How did Tom Weiskopf die? 1973 Open Champion Cause of death explained

Tom Weiskopf, a former PGA Tour player, reportedly passed away at the age of 79 after a battle with pancreatic cancer.

Tom Weiskopf death

Tom Watson of today reports that the American died after battling pancreatic cancer.

Weiskopf’s passing was announced when eight-time Major champion Watson tweeted his sympathies to his family. He expressed his sincere condolences to Tom Weiskopf’s family. I’ll miss your stories and you. My friend, RIP. PC has struck once more.

Tom Weiskopf cause of death

In 2020, Weiskopf received a pancreatic cancer diagnosis.

He has also covered the 1981 and 1985 to 1995 Masters while working as a golf analyst for CBS Sports. He began contributing in 2008 to the Open Championship coverage on ABC Sports and ESPN.

Weiskopf passed away from pancreatic cancer on August 21, 2022, at the age of 79.

Who was Tom Weiskopf?

Ohio’s Massillon is where Weiskopf was born. He went to Ohio State University, where he played golf, and Benedictine High School in Cleveland. In 1964, he became a professional.

At the Andy Williams-San Diego Open Invitational in 1968, Weiskopf earned his first PGA Tour victory. By 1982, he had collected fifteen more. In his final season, 1973, he finished second in the world according to Mark McCormack’s golf rankings after winning seven tournaments worldwide, including The Open Championship at Royal Troon. Although he would go on to win just one major title, he did place second at The Masters four times and finished T2 at the 1976 U.S. Open.

Tom Weiskopf career

The American became a professional in 1964, and between 1968 and 1982, he won 16 times on the Tour. He was most well-known, though, for his stellar performance in the majors. Keiskopf had 20 more top 10 results, including five as runners-up, while having only one Major victory—the 1973 Open at Royal Troon, where he finished three clear of Neil Coles and Johnny Miller. Such a record was impressive in an era that produced some of the greatest players in the history of the sport, including Jack Nicklaus, Arnold Palmer, Gary Player, and Tom Watson.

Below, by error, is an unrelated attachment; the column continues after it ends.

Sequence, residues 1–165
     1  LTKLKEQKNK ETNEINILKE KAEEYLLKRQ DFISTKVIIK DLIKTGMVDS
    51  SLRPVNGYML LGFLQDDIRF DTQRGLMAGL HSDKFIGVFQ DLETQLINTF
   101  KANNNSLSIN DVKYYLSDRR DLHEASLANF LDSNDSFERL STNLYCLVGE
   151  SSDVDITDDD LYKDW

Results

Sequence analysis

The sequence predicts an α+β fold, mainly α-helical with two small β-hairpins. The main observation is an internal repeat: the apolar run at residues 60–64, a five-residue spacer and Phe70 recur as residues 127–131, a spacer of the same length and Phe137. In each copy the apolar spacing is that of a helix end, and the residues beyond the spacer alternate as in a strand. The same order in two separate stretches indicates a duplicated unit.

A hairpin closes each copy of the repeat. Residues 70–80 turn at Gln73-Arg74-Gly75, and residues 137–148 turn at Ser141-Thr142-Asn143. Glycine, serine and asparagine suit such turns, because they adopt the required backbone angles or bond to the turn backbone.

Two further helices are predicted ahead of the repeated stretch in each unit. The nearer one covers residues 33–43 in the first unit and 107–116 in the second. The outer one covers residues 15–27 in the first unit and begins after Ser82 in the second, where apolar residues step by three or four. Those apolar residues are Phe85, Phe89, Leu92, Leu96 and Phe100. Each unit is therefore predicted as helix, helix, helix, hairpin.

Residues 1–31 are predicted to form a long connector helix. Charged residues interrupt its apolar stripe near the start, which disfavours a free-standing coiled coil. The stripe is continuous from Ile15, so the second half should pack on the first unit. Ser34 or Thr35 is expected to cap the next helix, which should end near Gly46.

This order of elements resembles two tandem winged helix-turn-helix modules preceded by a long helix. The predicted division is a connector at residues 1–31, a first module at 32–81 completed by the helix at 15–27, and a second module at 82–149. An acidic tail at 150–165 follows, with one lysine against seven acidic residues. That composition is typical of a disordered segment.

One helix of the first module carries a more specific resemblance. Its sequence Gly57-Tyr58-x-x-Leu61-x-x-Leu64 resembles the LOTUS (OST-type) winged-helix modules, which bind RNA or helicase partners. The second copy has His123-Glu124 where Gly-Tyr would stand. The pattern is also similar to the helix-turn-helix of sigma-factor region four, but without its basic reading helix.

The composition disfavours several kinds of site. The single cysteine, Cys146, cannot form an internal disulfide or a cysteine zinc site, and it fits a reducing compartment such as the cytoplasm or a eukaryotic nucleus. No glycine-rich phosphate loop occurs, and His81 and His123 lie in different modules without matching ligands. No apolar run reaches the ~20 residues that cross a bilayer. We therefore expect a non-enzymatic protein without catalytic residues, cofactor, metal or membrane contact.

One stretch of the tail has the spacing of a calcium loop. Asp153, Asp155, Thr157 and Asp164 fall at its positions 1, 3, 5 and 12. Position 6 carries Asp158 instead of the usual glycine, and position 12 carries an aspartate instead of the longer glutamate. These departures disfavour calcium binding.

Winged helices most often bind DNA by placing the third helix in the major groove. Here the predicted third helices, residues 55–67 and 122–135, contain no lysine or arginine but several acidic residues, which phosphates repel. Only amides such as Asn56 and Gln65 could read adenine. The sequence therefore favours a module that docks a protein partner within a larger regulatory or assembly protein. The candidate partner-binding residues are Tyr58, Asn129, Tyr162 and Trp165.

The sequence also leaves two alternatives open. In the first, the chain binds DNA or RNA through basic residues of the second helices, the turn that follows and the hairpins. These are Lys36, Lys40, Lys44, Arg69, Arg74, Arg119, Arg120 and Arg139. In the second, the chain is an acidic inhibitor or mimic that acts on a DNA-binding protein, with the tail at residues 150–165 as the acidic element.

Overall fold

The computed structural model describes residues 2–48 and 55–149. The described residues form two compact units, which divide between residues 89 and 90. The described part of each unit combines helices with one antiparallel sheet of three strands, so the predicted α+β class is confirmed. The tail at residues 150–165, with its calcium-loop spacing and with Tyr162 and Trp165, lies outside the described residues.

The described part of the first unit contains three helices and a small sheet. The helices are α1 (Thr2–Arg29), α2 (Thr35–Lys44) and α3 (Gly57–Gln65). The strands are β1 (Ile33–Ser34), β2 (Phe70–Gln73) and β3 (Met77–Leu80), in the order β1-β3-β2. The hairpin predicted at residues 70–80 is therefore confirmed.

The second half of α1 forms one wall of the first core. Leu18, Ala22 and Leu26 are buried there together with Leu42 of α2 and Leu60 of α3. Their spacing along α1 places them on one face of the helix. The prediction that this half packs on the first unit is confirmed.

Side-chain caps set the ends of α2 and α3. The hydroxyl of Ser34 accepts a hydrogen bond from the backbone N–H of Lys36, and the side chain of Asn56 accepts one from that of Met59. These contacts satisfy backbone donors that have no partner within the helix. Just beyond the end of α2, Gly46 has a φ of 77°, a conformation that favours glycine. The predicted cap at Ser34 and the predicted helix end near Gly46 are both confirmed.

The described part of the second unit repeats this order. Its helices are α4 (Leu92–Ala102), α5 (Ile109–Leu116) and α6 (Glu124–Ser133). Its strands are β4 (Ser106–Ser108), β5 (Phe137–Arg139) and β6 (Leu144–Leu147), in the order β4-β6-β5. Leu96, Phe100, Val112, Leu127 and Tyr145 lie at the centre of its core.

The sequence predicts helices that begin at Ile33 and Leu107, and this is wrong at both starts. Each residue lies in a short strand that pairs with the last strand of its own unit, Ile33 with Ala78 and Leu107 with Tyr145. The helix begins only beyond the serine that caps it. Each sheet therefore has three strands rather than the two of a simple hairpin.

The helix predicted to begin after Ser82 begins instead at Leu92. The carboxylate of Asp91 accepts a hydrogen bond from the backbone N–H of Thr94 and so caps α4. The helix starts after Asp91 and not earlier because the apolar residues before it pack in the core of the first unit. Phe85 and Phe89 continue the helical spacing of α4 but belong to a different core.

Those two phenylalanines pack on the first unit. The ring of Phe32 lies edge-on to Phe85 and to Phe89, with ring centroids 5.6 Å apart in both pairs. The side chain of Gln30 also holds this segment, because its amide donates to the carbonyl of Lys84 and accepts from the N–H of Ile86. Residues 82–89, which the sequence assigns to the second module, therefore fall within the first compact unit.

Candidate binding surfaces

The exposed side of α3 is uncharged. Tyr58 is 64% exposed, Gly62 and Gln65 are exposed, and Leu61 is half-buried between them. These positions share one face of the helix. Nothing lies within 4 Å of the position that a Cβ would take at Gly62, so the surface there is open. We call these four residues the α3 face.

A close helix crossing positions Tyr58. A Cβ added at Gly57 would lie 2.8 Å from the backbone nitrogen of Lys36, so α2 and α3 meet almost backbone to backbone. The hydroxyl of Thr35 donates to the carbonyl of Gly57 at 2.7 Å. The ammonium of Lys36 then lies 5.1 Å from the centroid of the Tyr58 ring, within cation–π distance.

Weiskopf won the Canadian Open twice, most notably in 1975, when he defeated Jack Nicklaus in a one-hole playoff after coming close to holing his approach shot on the 15th hole on the Royal Montreal Golf Club’s Blue Course. The American team included Weiskopf in both the 1973 and 1975 Ryder Cups. He also met the requirements to make the 1977 squad, but he opted not to compete in order to pursue big-game hunting.

In the golfing community, Weiskopf’s stroke was well regarded. He possessed excellent control, a unique combination of power and control, and he struck the ball quite high. Weiskopf was known as “The Towering Inferno” because of his outbursts on the golf course.

Golf course of Tom Weiskopf

Weiskopf began his career in golf course design by assisting Jay Morrish, although he eventually started his own business. He has designed at least 40 courses in various locations across the world, including Loch Lomond, which hosted the Scottish Open from 1995 to 2010, and the Monument and Pinnacle courses at Troon North Golf Club in Scottsdale, Arizona.

A par-4 hole that may be driven is a common feature of Weiskopf’s designs. Numerous of the courses have garnered tremendous appreciation after placing well on global lists of the best courses.